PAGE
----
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7-Business: StarLink corn settlement also to include interest

-------------------------------- GENET-news -------------------------------

TITLE:  StarLink Corn Settlement Also To Include Interest
SOURCE: Associated Press, by Kevin O'Hanlon / MidWest News, USA
DATE:   24 Aug 2004 

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StarLink Corn Settlement Also To Include Interest

LINCOLN, Neb. -- Farmers nationwide will be paid interest on the $110
million settlement with makers and distributors of genetically altered
corn that was mistakenly introduced into the food supply.

Attorney General Jon Bruning's office helped clarify that the settlement
included 4 percent interest after farmers expressed concern about delays
in getting their money. The interest began accruing on Sept. 24, 2002,
Bruning said.

Payments from the settlement could begin soon after a court hearing on
Sept. 2, Bruning said.

The settlement could mean up to $2 per acre for farmers who did not grow
StarLink corn but suffered from a consumer backlash when it was revealed
that it had gotten into the food supply.

The StarLink corn was engineered with a bacterium's gene that's deadly to
the corn borer pest.

StarLink seed had been approved in 1998 by the Environmental Protection
Agency for use in animal feed. But it had not been approved for human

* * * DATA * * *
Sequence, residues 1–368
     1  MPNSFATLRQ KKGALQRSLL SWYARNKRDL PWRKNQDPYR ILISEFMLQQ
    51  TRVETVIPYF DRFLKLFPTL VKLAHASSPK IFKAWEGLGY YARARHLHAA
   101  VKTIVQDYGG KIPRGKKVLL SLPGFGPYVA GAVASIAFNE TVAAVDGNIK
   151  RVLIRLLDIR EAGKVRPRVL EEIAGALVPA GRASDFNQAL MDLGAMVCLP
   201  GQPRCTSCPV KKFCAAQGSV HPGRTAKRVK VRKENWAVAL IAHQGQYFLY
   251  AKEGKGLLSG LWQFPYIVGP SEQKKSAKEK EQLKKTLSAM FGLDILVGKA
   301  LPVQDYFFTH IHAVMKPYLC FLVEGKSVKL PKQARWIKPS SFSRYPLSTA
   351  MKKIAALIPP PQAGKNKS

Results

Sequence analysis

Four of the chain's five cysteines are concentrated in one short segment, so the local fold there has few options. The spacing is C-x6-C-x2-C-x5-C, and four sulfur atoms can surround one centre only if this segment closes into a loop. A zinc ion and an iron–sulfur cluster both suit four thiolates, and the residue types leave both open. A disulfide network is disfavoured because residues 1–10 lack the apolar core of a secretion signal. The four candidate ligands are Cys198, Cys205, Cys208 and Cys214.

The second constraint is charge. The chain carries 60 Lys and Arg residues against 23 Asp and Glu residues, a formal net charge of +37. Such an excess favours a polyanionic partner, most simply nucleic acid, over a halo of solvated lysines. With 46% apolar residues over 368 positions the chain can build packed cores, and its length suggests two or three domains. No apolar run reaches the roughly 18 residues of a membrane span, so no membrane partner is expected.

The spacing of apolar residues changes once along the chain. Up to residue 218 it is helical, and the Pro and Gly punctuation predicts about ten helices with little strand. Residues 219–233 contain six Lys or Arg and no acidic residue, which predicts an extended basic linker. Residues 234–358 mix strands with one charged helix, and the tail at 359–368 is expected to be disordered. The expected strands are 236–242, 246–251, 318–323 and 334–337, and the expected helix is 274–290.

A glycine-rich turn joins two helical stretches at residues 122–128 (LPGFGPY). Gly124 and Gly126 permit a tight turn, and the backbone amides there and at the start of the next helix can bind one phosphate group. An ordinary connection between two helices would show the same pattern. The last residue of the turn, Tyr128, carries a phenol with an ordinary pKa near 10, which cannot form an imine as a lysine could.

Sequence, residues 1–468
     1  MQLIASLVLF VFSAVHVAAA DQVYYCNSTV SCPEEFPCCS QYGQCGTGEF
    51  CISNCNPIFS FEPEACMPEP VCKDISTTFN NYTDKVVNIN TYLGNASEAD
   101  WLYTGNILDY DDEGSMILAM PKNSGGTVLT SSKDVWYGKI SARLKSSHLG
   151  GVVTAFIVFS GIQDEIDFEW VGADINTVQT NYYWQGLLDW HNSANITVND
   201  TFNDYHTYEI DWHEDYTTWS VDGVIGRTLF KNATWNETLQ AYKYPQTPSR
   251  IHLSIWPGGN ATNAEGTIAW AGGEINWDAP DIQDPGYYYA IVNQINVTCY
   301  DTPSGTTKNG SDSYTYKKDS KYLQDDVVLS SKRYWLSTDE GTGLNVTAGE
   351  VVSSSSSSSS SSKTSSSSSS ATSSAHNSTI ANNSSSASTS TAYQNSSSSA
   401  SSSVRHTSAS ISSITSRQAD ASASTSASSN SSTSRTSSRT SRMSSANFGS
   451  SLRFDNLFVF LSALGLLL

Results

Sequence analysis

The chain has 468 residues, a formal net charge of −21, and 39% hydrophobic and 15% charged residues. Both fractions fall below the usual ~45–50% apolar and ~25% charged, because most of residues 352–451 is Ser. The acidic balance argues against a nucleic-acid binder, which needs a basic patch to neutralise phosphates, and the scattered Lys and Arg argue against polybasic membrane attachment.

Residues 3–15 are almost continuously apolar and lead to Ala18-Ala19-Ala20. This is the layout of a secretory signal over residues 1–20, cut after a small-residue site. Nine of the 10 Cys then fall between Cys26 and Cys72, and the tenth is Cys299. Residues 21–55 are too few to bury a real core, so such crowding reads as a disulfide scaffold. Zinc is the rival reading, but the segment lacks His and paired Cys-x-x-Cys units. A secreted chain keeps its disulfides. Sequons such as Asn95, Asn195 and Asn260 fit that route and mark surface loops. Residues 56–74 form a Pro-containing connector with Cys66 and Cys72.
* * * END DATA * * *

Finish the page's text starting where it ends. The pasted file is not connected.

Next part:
consumption because of unresolved questions about whether a protein it
contains can cause allergic reactions.

Some Starlink was mixed with other varieties of corn in 1999 and 2000.

Some was mistakenly mixed with corn intended for food or export, forcing
several food companies to recall products and causing a worldwide drop in
corn prices.

Several farmers sued StarLink creator Aventis SA, Starlink maker StarLink
Logistics Inc. and Avanta USA, which owns StarLink distributor Garst Seed Co.

The lawsuit was elevated to class-action status, which means every farmer
who did not grow StarLink was eligible for a share of the settlement --
an estimated $70 million after expenses are paid.

In 2001, Aventis agreed to compensate farmers and grain elevators across
the country. That agreement, between Aventis, Nebraska and 16 other
states, called for the company to pay farmers up to 25 cents per bushel
for tainted corn and reimburse them for other losses.

Some $130 million has been paid so far.

A third settlement called for $9 million to be paid to consumers who said
they suffered allergic reactions from eating food products that contained
the genetically modified corn.


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